According to the FDA, there is only one pharmacy (inside or outside the US) whereby patients may legally obtain Domperidone: Dougherty's Pharmacy in Dallas, Texas. You can find Dougherty's on the web at or reach them via telephone at (214) 373-5300. The FDA has stressed that this is the ONLY legal method for obtaining Domperidone available to US residents.

It is a common misconception (even among doctors) that Domperidone may legally be obtained outside the US, but this is not the case. US residents seeking to obtain Domperidone outside the US technically do so in violation of regulations and run the risk of having their Domperidone confiscated at the border. This can and has occurred. In this case, the patient does not receive his/her Domperidone, nor does s/he receive reimbursement for the order.

It is also a common misconception that Domperidone may be obtained through compound pharmacies in the US. Again, this is a violation of FDA regulations. Compounding pharmacies are prohibited from making and distributing Domperidone and do so at risk of being fined. The FDA fines these pharmacies and orders them to cease production/distribution once they have been made aware. Many patients have found that local compounding pharmacies which once filled/refilled their prescriptions for Domperidone have now been banned from this practice. When this happens, the patient is left with no recourse and no access to the medication.

Here is a link to the FDA's website regarding how to obtain Domperidone:

Their website instructs, in part, "'Patients 12 years of age and older with certain gastrointestinal (GI) conditions may be able to receive treatment with Domperidone through an expanded access investigational new drug application (IND). These conditions include gastroesophageal reflux disease with upper GI symptoms, gastroparesis, and chronic constipation. Patients who are eligible to receive Domperidone have generally failed standard therapies. Expanded access INDs facilitate access to investigational drugs (such as Domperidone) for patients with serious diseases or conditions for which there is no comparable or satisfactory alternative therapy to diagnose, monitor, or treat the patient’s disease or condition. In addition to other applicable requirements, an IND must be in effect prior to the importation, interstate shipment, and administration of Domperidone."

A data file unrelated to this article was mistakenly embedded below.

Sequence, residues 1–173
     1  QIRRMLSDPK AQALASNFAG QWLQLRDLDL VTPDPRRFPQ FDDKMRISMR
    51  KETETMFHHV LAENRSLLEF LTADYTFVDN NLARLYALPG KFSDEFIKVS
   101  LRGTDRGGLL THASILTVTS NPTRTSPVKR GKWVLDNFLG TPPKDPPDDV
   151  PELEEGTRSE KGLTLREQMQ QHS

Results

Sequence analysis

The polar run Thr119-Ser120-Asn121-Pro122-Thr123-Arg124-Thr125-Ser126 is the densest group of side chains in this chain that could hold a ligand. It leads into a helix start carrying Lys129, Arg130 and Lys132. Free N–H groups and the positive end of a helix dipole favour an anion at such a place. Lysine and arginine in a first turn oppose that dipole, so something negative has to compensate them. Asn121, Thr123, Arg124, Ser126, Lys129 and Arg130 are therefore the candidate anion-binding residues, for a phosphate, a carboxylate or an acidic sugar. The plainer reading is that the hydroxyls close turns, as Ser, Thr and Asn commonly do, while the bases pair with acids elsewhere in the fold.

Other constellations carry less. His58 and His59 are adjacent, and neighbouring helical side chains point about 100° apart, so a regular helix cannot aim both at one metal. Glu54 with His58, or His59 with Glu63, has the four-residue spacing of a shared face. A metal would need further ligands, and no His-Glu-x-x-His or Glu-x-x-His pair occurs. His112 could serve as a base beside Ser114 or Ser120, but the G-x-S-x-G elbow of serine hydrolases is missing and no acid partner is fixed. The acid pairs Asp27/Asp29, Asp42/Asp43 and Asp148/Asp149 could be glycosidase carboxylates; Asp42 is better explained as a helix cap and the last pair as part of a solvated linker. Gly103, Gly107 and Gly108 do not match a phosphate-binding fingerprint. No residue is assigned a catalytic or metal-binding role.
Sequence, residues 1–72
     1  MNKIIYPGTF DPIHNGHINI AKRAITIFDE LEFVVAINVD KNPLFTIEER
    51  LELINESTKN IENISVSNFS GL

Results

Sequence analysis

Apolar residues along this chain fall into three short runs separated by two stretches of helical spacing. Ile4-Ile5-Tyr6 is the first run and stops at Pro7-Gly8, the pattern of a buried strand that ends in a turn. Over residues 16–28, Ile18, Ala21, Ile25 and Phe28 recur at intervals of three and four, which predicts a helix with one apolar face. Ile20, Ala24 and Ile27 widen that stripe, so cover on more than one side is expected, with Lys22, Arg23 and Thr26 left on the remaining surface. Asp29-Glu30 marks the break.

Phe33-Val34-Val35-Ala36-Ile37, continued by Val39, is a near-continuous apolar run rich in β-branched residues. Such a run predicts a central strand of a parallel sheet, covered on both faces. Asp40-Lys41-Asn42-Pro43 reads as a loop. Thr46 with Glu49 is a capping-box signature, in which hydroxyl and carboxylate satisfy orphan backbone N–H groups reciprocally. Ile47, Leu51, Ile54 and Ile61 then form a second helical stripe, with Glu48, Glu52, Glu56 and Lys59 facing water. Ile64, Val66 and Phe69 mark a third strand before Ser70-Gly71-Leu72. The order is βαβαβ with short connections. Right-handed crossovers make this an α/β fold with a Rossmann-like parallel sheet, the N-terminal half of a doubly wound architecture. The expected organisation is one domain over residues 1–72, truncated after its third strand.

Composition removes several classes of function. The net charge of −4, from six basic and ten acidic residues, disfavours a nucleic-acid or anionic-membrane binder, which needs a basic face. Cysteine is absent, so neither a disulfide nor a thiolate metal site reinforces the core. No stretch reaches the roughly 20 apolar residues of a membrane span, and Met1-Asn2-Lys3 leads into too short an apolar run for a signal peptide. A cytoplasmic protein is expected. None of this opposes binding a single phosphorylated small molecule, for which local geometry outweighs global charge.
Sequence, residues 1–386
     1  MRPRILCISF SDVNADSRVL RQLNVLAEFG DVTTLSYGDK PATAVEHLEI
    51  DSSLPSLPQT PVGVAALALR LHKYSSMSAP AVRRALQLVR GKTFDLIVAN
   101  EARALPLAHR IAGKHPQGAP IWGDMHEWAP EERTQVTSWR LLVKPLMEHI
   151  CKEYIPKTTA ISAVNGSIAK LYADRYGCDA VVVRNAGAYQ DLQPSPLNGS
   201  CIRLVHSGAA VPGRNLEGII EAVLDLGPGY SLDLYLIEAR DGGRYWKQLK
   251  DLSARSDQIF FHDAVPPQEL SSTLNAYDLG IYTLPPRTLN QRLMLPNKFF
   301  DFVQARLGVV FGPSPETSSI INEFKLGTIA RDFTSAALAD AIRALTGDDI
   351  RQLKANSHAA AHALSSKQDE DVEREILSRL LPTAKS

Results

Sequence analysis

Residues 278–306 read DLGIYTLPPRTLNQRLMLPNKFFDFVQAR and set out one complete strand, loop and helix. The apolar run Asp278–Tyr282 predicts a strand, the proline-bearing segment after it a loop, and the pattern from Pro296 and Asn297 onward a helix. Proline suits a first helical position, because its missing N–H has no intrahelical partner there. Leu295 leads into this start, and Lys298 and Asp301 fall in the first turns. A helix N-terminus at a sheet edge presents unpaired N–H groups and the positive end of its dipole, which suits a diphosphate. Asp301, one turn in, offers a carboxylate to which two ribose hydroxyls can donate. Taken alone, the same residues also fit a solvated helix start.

*Please note that we seek to provide you with the most accurate and up-to-date information possible, but we cannot and will not try to direct your behavior. Your choices are your own, and we make no attempt to control them. If you have any further questions, we would advise you to call the FDA directly at 1-888-463-6332.*

Monday, December 18, 2017

For My Loved Ones, I Wish...

I was looking over some websites for caregivers recently and came across a topic I found interesting.  The host was discussing how some make Christmas "wishes," and inquired: “What is your wish for those who care for you?”  Now, I am not certain how my husband and daughter would feel about being categorized as "caregivers" in any formal sense, but they do care for and about me, so I believe that qualifies.  And while I appreciate the never-failing support they offer me during my darkest days, I have never really attempted to spell out in any proper manner what I wish for them.  I spent quite a bit of time contemplating that this weekend, considering and evaluating what my hopes for them truly are, and though my list is no doubt incomplete, here are a few of my fondest wishes:

* Above all else, I wish for them to know and genuinely feel the love and appreciation I have for them.  I value them above all others, and despite my sometimes harsh words, raw emotions, unreasonable expectations and demands, and temper tantrums to the contrary, they have never once truly disappointed me in any noteworthy way.  They are the constants who add stability and meaning to my life, the ones I know I can count on regardless of circumstances, no matter how difficult my days.

* I wish for them to grasp how special, how exceptional, they are for finding the strength to withstand the cruel realities of this illness, to persist despite the horrors of Gastroparesis which affect everyone in my life, but them far more than any others.  They bear physical, emotional, financial, and spiritual burdens which directly flow from my diagnosis and which cannot be ignored but must be daily addressed.  They are meaningfully and significantly impacted by my poor state of health; yet, rather than abandon, neglect, or disregard me, they exert endless effort to include, forgive, and accommodate me, and they fully believe their lives are better off with my presence than without.  Many times and in many instances, they have sacrificed material possessions, leisure activities, luscious meals, free time, and emotional peace because their love for and commitment to me outweighs their focus on “self.”